KMB » Topics » Supporting Statement

This excerpt taken from the KMB DEF 14A filed Mar 4, 2008.
 Supporting Statement
Kimberly-Clark has avoided setting numerical goals or benchmarks for the use of recycled content for its North American consumer product lines, which in the opinion of the proponents makes our company vulnerable to boycotts and to competitors who have integrated higher percentages of quality recycled fiber into their products.
The Ontario Forest Management Plan for the Kenogami Forest (MU #350, 2000-2005 and 2005-2010) establishes that pulp milling is impacting intact and endangered forest, including critical habitat for


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woodland caribou in Canada’s Boreal Forest. Kimberly-Clark has been associated with the purchase of Kenogami Forest sourced pulp.
With company operations expanding globally and existing fiber supplies changing, proponents believe there is an increased likelihood that wood from forests associated with human rights abuses, land disputes, severe habitat destruction, and conflict with indigenous communities will enter the Kimberly-Clark supply stream.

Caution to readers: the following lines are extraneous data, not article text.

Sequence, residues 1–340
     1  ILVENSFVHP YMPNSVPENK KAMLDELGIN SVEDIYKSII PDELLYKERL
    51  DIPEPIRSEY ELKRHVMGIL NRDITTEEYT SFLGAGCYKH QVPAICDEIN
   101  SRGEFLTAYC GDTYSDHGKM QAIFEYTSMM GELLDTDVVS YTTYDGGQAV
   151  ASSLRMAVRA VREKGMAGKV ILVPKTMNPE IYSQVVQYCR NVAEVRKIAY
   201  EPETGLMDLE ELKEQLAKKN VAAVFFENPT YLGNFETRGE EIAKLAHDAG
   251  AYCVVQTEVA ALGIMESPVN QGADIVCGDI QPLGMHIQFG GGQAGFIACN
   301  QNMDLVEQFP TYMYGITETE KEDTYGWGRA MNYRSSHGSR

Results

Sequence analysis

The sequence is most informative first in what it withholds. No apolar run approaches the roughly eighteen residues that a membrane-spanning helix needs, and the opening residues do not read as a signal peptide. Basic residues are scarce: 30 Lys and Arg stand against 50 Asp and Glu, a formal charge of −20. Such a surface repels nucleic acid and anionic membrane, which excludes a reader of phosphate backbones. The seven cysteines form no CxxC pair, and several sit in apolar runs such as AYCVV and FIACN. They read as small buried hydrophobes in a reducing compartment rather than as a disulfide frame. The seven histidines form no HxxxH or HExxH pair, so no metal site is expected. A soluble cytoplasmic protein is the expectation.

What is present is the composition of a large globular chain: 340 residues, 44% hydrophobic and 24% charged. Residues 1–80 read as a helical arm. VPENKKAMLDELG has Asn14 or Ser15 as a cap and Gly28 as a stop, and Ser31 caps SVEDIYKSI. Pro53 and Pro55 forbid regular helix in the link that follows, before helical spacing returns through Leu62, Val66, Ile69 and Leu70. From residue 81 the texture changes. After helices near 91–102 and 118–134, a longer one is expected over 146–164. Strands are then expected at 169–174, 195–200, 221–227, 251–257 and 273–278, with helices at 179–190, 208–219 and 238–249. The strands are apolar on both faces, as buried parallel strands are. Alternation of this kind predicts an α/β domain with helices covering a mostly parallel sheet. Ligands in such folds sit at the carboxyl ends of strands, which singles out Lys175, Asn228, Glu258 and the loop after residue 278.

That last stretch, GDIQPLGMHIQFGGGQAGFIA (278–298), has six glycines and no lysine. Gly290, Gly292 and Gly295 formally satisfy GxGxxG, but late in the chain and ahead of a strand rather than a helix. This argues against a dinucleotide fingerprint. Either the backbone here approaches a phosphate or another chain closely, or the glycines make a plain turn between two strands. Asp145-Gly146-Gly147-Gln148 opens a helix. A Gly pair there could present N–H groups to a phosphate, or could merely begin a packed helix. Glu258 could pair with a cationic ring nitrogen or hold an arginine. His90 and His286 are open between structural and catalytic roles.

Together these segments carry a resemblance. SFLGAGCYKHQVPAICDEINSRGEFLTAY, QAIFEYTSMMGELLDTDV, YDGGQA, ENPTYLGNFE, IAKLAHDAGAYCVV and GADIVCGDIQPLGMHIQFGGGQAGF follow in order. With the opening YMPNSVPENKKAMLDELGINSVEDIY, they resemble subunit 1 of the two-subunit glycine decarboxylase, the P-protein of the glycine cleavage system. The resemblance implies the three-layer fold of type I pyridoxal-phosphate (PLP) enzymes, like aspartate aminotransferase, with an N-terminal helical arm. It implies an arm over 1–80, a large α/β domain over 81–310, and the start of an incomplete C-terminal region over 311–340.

Proponents believe the company’s current practices are unsustainable and therefore merit higher level consideration as would be encouraged by a Board-level committee. The committee would be authorized to initiate, review, and make policy recommendations regarding the company’s preparation to adapt to changes in marketplace and environmental conditions that may present risks and opportunities that affect the sustainability of our business. Issues related to sustainability might include, but are not limited to: vulnerability of natural resource supplies, global climate change contributing to political instability, human rights issues related to resource extraction, emerging concerns regarding toxicity of materials, and biodiversity loss.
Supporting Statement:
Proponents believe that our company’s current practices present serious risks to long-term shareholder value. Kimberly-Clark should develop policies to ensure a long-term sustainable supply of raw materials and mitigate reputational risks by procuring fiber certified using credible standards.
We believe a thorough feasibility study should discuss the Company’s goals and timeframes with respect to:
  •  Increasing the use of FSC-certified fiber with the goal of phasing out virgin fiber certified by less credible certification schemes; and
  •  Increasing the use of recycled fiber in both consumer and commercial products as a means to reduce reliance on virgin materials.
The study should consider Kimberly-Clark’s role in the marketplace, and assess the potential impact of Kimberly-Clark’s purchasing practices on the availability of FSC-certified fiber.
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